• Non-discrimination policy:  To align district policy with a new non-discrimination law (AB 9) at the state level, the Superintendent has proposed a revision to the district’s existing non-discrimination policy. The proposal was already vetted in the Rules, Policy and Legislation committee and forwarded with a positive recommendation. It will return for a final vote on June 26.
  • Real estate: Also on tonight’s agenda was a renewal of the district’s $65,000 annual contract with CBRE, a real estate brokerage that provides professional expertise and advice on the district’s real estate transactions. Board members had a brief discussion on whether we should bring this function back in house (where it resided until 2009-10).  The contract will be paid with the proceeds of the sale of 700 Font Street to SF State, but there are other questions about whether the district is realizing enough income from its properties — 1950 Mission chief among them.  Ultimately, the CBRE contract was approved by a majority of the Board (with Commissioner Fewer voting no) but with the direction to consider other alternatives for next year.


5 responses to “Recap: District budget takes center stage

  1. I have a meeting with Dr Blanco tomorrow to go over her budget and will ask this question — not sure what the answer is. I know that we did beef up our Medi-Cal collections with the help of a consultant but that contract shouldn’t be under “books and supplies.”

  2. You wrote: “Really, the most revealing thing about the budget that was released tonight is what cuts central office will sustain, but that is very hard to figure out with just the 2012-13 budget book”.
    They really should add an extra column to the amounts in the budget book pages that show what the previous years’ amounts were, for comparison purposes, WITHOUT making people have to flip through last years amounts on a separate documents to compare. The way they release the data and layout the budget makes it much more difficult for people to see what is actually happening, it’s almost as if they try to make the data as hard to sort through as possible.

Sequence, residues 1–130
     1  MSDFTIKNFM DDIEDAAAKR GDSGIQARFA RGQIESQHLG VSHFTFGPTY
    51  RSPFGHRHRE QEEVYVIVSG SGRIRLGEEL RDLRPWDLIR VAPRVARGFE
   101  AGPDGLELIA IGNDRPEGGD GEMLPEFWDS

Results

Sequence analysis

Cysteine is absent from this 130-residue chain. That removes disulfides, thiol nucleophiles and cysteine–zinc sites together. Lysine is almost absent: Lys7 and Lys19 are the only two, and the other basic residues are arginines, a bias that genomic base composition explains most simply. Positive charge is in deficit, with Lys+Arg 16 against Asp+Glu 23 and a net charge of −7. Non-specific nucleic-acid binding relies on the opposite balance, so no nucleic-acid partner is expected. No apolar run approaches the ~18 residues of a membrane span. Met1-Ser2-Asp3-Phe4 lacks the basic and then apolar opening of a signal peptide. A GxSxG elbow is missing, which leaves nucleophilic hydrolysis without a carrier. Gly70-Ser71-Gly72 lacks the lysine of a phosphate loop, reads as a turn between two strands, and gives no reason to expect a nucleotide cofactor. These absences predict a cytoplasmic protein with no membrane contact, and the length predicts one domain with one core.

An example:

    On page 137 of the BIG BUDGET BOOK,
    under 56400 – MEDI-CAL Billing Option :
    How is it possible that tiny department spent almost a million dollars on
    “books and supplies” ? $951,715
    What did they do — buy laptops for 2000 administrators?

    If you look at last years’ budget — the “books and supplies” amount, on the same line, same department (under 56400 – MEDI-CAL Billing Option) was $4,600. Quite a substantial difference, eh?

  3. Slightly off-topic, but the “school profile” information on SFUSD’s website has not been updated since 2008… it is possible to find some more recent information on the CDE’s website, but would SFUSD please update its school profile information? Thanks 🙂

  4. @SF Momma you raise a good question and I don’t know the answer off the top of my head. I do think that at least a portion of the increase can be attributed to the cost of health benefits and “step & column” — the salary schedule that governs how much teachers and other staff get paid based on their years of service.
    Also, many central office functions are actually centrally-funded services delivered at school sites. I wish we had a better way of showing both of these things in the budget document to make it clearer.

  5. Rachel,
    Can you elaborate more on this (reported in the Examiner yesterday):
    For the upcoming school year, central administration will see its budget grow by $630,000, an increase of more than 4 percent. Instructional support, a budget category that includes the curriculum office, pupil services and school health programs, will gain $1.2 million, nearly 17 percent. The district will contribute an additional $9 million to the County Office of Education’s special education function.
    The increases will be partially offset by cutting $3.7 million in funds sent to schools, along with nearly $9 million in salary cuts though furlough days and the elimination of sabbaticals.
    Read more at the San Francisco Examiner:
    I understand that the district must provide funds for special education as not enough comes to us from federal or state sources to fully support these needs.

    But I am concerned about the 17% increase in instructional support – what is happening to require that kind of increase? How much of it is for administrative salaries vs. central funding/coordination of services or personnel that are at school sites?

    While I loathe the furlough days, I see no way around them. I applaud that we will try to keep new teachers by eliminating sabbaticals for senior teachers (these went the way of the dinosaur in the rest of the economy – nice to have, sure, but not sustainable when it means laying off other personnel– especially that work directly with kids.)